California’s Private Attorneys General Act of 2004 (“PAGA”) allows employees to act as an “agent” of the State of California and recover civil penalties for violations of the Labor Code through a civil action filed on behalf of themselves and other current or former employees. In Viking River Cruises, Inc. v. Moriana, the U.S. Supreme Court held that the Federal Arbitration Act partially preempted a California rule prohibiting employers from requiring their employees to enter into pre-dispute arbitration agreements that contractually waived the right to assert “representative” claims under PAGA. Viking River held that while California could validly prohibit pre-dispute arbitration agreements effecting “wholesale waivers” of PAGA claims, the Federal Arbitration Act preempts any rule against requiring employees to arbitrate their “individual” PAGA claims.Continue Reading Fording Viking River, Another California Court of Appeal Holds That PAGA Plaintiffs Maintain Standing to Pursue “Representative” Claims Even if Compelled to Arbitrate “Individual” Claims

The City of Los Angeles’ Fair Work Week Ordinance will take effect on April 1, 2023. The Ordinance, which was unanimously passed by the Los Angeles City Council in November 2022, requires retail employers in the City of Los Angeles to provide employees at least 14 days’ advance notice of their work schedules and to compensate employees in the event of certain schedule changes. You can read our prior blog article on the Los Angeles Fair Work Week Ordinance here.Continue Reading UPDATED: The City of Los Angeles’ Fair Work Week Ordinance Will Take Effect April 1, 2023

On February 2, 2023, the California Court of Appeal issued an important follow-up decision to the United States Supreme Court’s decision in Viking River Cruises, Inc. v. Moriana, U.S. —, 142 S. Ct. 1906 (2022). Galarsa v. Dolgen California, LLC, — Cal. Rptr. 3d — , 2023 WL 2212196 (2023),addresses whether a plaintiff alleging claims under the California Private Attorneys General Act of 2004 (PAGA) retains standing to assert claims premised on California Labor Code violations suffered by other employees when the claims arising from alleged violations suffered by the plaintiff are compelled to arbitration. The Court of Appeal ordered Galarsa published on February 24, 2023, making the decision binding on state trial courts for the time being.Continue Reading California Court of Appeal Holds That a PAGA Plaintiff Maintains Standing to Assert Representative Claims Even When Individual Claims Are Compelled to Arbitration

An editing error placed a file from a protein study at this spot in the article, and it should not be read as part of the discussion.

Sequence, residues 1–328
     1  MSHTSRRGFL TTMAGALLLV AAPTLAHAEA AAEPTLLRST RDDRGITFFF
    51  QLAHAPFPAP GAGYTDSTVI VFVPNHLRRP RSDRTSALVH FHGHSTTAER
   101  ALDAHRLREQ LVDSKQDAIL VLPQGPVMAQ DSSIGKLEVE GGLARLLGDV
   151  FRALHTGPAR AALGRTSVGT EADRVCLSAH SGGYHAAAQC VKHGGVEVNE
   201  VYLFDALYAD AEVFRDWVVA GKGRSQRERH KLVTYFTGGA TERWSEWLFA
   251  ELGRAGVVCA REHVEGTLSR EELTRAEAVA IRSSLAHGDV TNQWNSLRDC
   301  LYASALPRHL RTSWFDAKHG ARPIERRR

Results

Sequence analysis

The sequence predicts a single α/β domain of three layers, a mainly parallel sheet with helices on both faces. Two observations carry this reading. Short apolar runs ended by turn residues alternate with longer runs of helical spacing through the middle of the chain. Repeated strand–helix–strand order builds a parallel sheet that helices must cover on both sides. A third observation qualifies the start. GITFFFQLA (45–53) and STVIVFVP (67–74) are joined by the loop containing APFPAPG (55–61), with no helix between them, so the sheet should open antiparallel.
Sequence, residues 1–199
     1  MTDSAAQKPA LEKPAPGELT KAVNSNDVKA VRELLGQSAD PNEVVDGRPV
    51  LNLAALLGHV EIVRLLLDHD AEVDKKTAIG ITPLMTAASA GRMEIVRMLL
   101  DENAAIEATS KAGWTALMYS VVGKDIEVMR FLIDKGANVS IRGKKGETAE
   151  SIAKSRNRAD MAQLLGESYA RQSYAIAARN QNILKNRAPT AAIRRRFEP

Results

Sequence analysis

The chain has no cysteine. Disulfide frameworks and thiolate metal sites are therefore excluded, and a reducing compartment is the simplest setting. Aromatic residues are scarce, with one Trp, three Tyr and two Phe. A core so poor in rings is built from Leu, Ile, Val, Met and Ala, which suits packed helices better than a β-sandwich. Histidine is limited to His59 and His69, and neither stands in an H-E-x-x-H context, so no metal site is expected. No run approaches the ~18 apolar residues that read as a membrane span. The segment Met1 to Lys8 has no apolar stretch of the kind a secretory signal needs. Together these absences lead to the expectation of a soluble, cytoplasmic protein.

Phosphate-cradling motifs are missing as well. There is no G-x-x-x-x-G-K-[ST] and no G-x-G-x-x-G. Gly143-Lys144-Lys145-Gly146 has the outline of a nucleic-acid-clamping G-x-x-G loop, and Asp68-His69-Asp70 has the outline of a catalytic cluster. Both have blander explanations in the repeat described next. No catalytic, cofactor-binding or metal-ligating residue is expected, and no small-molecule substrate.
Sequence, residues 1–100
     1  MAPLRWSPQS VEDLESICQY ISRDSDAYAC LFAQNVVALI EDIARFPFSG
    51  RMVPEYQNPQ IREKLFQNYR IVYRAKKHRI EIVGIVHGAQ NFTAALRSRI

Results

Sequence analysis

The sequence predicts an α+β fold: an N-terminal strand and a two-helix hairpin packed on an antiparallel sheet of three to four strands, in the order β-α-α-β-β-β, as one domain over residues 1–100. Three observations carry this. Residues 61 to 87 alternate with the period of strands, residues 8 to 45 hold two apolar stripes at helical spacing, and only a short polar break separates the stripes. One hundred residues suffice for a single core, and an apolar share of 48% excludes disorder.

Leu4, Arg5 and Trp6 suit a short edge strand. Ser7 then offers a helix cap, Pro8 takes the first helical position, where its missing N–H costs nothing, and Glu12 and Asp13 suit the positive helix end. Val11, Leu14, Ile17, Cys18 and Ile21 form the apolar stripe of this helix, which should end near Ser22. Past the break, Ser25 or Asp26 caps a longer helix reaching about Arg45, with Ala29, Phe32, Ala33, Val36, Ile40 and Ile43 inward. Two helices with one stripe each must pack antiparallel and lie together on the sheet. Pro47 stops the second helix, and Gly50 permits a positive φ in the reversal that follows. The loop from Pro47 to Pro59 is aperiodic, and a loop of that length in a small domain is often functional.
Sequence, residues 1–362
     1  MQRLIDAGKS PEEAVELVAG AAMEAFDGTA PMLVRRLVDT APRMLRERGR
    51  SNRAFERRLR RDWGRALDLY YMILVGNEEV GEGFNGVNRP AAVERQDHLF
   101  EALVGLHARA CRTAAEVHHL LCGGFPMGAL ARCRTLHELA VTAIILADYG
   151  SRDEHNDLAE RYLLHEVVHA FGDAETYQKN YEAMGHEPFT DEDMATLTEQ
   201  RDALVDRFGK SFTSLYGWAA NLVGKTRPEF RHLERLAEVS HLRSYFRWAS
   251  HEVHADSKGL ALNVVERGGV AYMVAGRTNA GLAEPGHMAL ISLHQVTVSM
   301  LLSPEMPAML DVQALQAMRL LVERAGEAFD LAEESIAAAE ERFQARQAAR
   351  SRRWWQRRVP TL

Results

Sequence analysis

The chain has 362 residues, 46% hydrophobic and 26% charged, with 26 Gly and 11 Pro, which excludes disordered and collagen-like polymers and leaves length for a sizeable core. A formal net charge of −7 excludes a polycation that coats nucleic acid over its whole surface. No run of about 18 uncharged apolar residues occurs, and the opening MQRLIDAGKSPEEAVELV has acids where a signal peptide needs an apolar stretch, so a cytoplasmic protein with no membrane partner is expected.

The Fair Labor Standards Act of 1938 (“FLSA”) created the right to a minimum wage and overtime pay. The FLSA also provides exemptions to overtime pay requirements for certain employees. Under the “bona fide executive” exemption, “highly compensated employees” are exempt from overtime if performing at least one qualifying job duty. However, on February 22, 2023, the United States Supreme Court, in its 6-3 decision in Helix Energy Solution Group, Inc. v. Hewitt, clarified that highly compensated employees paid on a “day-rate” do not qualify for this exemption because a day-rate does not satisfy the salary basis test.Continue Reading Supreme Court Clarifies a “Day-Rate” Does Not Meet the FLSA “Salary Basis” Test, Even for Highly Compensated Employees

The Third Circuit is expected to soon make a decision as to whether student-athletes can be considered university “employees” under the Fair Labor Standards Act (“FLSA”). But its interpretation of the law might reverberate beyond the confines of college sports and could implicate whether unpaid student interns must also be treated as employees.Continue Reading What the Third Circuit’s Looming Decision Regarding Whether College Athletes Can Constitute “Employees” Will Mean for Universities and Employers of Unpaid Student Interns